By Mitch Kuffa
Let’s talk about the job descriptions of different people you’ll work with when purchasing/selling a home.
The REALTOR is a person (or group) who is hired to handle all the technicalities of buying/selling land together with the buildings, trees, water, etc., on it. They represent the buyer/seller. Their main functions are to provide the myriad of paperwork (you will never sign more papers in your life) and basically act as an administrator in this large real estate “investment”. The condition of the property they become involved in is not usually a major concern to them, because they cannot dictate to the owner on how to maintain property AND many buyers want to take advantage of the lower price of a “fixer-upper”.
The APPRAISER represents the lender (and is sometimes referred to as the “bank inspector”). He looks at the house structure from a value standpoint. Quite simply, his job is to verify to the lender the true value of the house and property. If the sale price is $100,000.00, that it is worth $100,000.00. If you are asking for an $80,000.00 loan, that the house value substantiates that size banknote. That if the house is listed as being all brick, having 3 bedrooms and 2-½ baths, that in actuality it has those items (which again impacts value). During the appraisal process, if the appraiser runs across a construction item which he finds questionable, he may note it on his report and ask for backup data or further investigation by an expert.
The FHA INSPECTOR only looks at the house if there is an FHA mortgage involved. The FHA in actuality is a Guarantor. They again are basically responsible to the lender. They are saying that this transaction makes sense, is viable and meets the perimeters of their requirements (which in actuality are quite basic in reference to their construction related guidelines).
The MUNICIPALITY CODE OFFICIAL (or more commonly known as the City Building Inspector) and his department (the building department) are obviously answerable to the municipality and superiors, but in essence also answer to the Michigan Department of Labor (and if complaints are made concerning a specific building project also to the Michigan Department of Commerce). The function of the code official is to ensure the health, safety, and welfare of the public overall. There have been court decisions that indicate that this office is not specifically responsible for any individual, but rather to the public in general as it relates to health, safety, and welfare.
The PRIVATE HOME INSPECTOR is basically employed by the person that pays him, which is generally the homebuyer. This person represents his client and looks at the house and related property in their best interest. He evaluates the major systems (site, foundation, framing, mechanical systems, etc.) and verifies to what degree they are functional. He looks at the entire real estate investment through the eyes of a builder and tells you what condition it is in; has it been maintained and if it has been updated. Quite simply, he represents and answers to his client.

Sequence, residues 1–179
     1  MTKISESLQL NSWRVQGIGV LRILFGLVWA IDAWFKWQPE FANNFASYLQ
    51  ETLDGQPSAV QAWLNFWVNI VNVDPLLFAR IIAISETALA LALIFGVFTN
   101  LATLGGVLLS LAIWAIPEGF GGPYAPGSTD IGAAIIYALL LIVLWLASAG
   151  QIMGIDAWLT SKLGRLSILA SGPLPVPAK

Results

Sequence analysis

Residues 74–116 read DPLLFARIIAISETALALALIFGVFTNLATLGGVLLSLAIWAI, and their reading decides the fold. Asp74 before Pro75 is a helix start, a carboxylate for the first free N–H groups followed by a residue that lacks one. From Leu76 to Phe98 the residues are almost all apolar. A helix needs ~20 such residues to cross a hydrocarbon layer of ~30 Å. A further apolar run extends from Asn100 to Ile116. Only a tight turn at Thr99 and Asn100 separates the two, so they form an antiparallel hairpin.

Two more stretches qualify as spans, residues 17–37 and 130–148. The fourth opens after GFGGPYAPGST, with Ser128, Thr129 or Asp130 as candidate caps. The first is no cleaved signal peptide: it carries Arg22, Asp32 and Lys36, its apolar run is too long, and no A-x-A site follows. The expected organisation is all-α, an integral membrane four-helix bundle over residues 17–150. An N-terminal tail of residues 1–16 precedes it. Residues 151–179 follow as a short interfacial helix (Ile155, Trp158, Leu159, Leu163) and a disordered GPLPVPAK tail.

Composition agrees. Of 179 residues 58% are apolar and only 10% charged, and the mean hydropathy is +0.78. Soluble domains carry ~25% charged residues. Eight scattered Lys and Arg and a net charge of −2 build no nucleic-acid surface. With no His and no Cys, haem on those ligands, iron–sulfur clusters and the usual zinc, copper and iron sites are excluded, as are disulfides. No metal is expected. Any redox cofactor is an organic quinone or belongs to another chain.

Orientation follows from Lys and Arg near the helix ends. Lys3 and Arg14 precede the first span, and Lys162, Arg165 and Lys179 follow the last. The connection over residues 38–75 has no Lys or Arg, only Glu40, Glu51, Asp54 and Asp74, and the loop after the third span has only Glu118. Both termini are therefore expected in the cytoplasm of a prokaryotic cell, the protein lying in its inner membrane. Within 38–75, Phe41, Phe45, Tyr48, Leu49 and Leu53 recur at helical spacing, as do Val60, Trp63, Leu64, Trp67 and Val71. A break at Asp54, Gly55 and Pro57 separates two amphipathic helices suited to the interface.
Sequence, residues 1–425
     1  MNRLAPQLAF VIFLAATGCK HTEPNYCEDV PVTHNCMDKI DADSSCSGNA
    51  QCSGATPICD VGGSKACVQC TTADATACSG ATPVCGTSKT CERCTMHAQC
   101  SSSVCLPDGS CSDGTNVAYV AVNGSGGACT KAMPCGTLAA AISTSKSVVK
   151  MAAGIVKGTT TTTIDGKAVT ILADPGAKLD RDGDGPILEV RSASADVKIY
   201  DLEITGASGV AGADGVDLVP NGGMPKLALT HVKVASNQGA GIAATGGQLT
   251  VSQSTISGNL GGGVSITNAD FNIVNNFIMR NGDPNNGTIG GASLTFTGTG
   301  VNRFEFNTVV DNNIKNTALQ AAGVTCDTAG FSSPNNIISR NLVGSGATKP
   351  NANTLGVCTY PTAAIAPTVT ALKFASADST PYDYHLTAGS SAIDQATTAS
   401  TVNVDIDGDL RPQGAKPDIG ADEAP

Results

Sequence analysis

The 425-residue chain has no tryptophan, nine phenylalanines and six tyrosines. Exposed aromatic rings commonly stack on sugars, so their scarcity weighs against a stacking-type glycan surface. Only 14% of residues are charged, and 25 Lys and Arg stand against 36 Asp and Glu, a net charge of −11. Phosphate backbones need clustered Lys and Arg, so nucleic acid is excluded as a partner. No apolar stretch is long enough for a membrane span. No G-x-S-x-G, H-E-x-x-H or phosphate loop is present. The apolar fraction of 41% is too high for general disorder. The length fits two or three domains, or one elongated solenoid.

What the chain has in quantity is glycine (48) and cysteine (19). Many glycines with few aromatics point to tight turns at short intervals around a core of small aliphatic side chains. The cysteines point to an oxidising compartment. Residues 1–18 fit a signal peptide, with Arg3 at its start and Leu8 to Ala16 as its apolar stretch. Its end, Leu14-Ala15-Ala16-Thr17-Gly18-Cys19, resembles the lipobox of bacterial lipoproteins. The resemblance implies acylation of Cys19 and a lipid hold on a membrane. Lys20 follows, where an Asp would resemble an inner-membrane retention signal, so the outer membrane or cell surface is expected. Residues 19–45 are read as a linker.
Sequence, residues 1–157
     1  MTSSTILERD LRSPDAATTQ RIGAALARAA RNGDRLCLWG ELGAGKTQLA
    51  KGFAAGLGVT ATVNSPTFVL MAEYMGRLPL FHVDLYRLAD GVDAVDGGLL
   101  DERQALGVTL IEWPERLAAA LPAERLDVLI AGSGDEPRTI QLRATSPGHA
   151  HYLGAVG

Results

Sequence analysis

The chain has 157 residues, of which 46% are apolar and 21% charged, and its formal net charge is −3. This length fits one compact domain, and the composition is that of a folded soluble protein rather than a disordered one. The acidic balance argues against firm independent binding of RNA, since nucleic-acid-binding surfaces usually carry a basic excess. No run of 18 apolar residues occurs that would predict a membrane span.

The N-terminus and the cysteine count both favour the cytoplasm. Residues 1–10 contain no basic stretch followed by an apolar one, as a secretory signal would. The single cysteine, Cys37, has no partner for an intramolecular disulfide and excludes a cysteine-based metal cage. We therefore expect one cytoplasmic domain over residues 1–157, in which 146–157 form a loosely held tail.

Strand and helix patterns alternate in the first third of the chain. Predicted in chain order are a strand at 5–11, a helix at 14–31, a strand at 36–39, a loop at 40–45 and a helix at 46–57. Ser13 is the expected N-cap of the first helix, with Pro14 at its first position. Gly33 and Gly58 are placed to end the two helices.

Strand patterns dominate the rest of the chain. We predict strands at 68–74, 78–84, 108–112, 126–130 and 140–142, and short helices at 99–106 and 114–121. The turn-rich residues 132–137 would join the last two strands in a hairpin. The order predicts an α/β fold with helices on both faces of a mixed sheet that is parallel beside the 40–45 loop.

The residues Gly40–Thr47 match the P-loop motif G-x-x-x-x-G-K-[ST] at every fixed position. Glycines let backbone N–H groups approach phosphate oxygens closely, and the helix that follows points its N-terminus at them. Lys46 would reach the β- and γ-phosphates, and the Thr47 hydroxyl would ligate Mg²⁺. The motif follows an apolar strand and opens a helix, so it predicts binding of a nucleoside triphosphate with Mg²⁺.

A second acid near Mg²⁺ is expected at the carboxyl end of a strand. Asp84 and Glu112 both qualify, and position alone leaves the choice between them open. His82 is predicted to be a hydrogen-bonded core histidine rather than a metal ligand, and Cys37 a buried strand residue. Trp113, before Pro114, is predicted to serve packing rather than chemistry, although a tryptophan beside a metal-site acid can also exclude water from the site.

The REAL ESTATE ATTORNEY is a very essential and important entity and as the home inspector, is basically employed by the person that pays him (buyer/seller). The real estate attorney advises his client and will want to review the purchase agreement prior to signing. He/she will review the closing package which includes the proposed deed/land contract, title insurance commitment and a breakdown of all the costs and fees.
Please don’t think for one second that the appraiser does the code officials job, or that the code official does the realtor’s job or vise-versa. They all have distinct obligations, separate jobs and represent different entities. If you are buying a house (or selling one), it is important for you to understand what all the different people do, who they answer to, AND WHO DOES WHAT FOR YOU!
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Mitchell J. Kuffa Jr. has been in the construction industry since 1967. In that time, he has worked as a construction superintendent, general superintendent, and construction manager for several large developers in the state of Michigan.
He has been a licensed Michigan residential builder since 1977, was an incorporated general contractor for 11 years and has built and/or run the construction of approx. 3,500 residential houses, apartments, commercial structures and/or light industrial buildings.
In 1981 he started the first private home inspection agency in Michigan and to date has personally performed approx. 16,000 inspections for a fee.
Since 1981, Mr. Kuffa inspects properties and acts as a construction consultant for the Michigan Department of Mental Health (group homes), UAW Legal Services, numerous lenders, several non-profit organizations and for the US Department of Housing and Urban Development.
Mr. Kuffa is a federal housing fee inspector and FHA 203K mortgage loan consultant, works with several attorneys’s as an “expert witness”, has been appointed by the Michigan circuit court system to act as a Receiver in several cases concerning construction litigation and teaches a series of construction classes (for misc. school districts, community colleges. Michigan state housing authority, etc.).
Mr. Kuffa has been a member of the National Association of Home Inspectors, in good standing, since 1983.